Often folks in the world of Libraries, Archives and Museums are asked to give an account of how many items you have. At which point the person asked must come up with a way of taking account. It’s good to take account. Decisions about what constitutes an item and what constitutes a collection or a series of items is often presented as if it was a simple matter of fact when it’s actually based on a set of decisions in a given context.
The point being, items don’t exist as much as they are made by applying a set of judgement calls on things that exist. Item-ness isn’t innate as much at is the result of a process of making the world legible.
Item’s are made when we make judgement calls about the relative importance of these features:
- Physical distinct-ness (The item represents a physical whole, a discrete physical or digital object)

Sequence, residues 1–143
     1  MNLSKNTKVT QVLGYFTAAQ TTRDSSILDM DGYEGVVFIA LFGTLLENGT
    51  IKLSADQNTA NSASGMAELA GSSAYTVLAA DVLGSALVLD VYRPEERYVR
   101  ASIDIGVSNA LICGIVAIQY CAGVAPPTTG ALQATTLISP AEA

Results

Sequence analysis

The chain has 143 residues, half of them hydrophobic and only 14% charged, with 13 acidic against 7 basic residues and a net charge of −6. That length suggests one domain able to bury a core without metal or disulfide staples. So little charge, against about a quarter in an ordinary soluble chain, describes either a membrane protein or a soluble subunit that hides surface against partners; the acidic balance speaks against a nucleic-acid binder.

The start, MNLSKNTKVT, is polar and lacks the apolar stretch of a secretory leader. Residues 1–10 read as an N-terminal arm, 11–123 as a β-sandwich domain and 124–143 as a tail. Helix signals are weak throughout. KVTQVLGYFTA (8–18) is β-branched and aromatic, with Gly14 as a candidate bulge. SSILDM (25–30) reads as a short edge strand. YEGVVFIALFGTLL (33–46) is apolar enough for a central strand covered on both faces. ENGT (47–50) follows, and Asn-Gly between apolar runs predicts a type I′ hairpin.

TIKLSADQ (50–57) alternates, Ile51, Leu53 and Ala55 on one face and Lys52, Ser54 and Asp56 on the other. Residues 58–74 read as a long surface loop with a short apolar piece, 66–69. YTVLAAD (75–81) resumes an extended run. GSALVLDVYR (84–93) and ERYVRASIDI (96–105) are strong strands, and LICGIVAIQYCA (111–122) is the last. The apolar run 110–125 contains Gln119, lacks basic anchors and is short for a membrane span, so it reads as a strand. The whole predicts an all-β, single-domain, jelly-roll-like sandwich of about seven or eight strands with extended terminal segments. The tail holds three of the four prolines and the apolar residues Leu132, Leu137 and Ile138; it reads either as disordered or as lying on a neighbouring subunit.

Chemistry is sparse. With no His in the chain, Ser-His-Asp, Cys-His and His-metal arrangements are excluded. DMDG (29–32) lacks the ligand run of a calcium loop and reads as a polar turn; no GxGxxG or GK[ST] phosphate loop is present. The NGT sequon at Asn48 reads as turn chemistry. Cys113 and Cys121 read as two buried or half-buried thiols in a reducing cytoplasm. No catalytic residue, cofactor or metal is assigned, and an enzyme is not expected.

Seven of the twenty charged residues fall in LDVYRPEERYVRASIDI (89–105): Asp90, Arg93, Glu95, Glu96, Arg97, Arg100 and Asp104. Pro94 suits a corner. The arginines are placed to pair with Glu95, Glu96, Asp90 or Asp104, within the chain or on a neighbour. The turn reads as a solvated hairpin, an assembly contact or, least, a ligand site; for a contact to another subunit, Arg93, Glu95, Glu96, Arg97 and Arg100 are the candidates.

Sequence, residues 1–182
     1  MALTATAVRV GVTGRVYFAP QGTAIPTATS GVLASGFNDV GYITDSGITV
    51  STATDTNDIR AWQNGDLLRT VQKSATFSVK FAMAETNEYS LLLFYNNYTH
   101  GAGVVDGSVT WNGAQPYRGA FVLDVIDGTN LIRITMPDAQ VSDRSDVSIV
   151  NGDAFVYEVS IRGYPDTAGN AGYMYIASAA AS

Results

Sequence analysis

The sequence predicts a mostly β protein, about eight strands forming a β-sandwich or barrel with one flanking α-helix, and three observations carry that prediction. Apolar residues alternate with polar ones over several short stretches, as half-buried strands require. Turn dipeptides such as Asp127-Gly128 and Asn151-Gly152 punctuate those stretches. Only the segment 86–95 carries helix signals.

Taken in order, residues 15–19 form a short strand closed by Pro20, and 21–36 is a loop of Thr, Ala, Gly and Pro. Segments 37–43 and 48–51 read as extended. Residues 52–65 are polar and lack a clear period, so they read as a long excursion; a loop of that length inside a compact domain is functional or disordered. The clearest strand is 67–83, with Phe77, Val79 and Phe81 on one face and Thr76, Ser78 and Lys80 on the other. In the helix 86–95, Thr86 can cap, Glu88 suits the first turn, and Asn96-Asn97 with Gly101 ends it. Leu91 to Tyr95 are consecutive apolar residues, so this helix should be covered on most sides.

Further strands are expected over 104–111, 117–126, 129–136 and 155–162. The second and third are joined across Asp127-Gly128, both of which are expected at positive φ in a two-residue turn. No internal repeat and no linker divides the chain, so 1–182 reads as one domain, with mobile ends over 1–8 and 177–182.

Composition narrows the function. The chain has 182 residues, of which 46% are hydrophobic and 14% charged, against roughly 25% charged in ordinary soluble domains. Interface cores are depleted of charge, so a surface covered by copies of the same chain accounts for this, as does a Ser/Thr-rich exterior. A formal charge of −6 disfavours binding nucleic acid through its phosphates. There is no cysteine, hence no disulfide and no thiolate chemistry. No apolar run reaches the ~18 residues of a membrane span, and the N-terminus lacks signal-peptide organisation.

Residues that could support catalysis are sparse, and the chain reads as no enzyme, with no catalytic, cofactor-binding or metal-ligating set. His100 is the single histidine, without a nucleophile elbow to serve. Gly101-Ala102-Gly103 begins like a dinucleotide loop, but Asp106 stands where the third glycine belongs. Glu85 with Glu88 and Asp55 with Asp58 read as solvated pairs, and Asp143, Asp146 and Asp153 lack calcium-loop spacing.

- Authorship/Creatorship (The item represents an intellectual whole, it comes from a particular author or creator or process)
- (Are there other things you would add?)
Items and their item parts:
- A book is an item, it is also a collection of pages which are themselves items, it might contain chapters, potentially written by different authors, each of those is an item, each of the figures printed in the book are items.
- An archive is an item, each folder in an archive is an item, the individual letters in that folder are an item, the five letters that someone stapled together that are in that folder are an item too.
- A videotape is an item, each of the individual recordings on that tape are items.
- A web archive is an item, each URL in the web archive is an item, each file in the web archive is an item, each directory is a kind of item.
- A newspaper is an item, the articles in the newspaper are items, a years worth of newspapers bound together are an item.
- 24 hours of radio or television broadcast is an item, all of the individual shows are also items, each commercial is an item, each distinct block of air time with it’s individual commercials is an item.
- A computer is an item, each of it’s hard-drives are items, the directories on the hard drive are items, the files in those directories are items, the sectors of the disk are items
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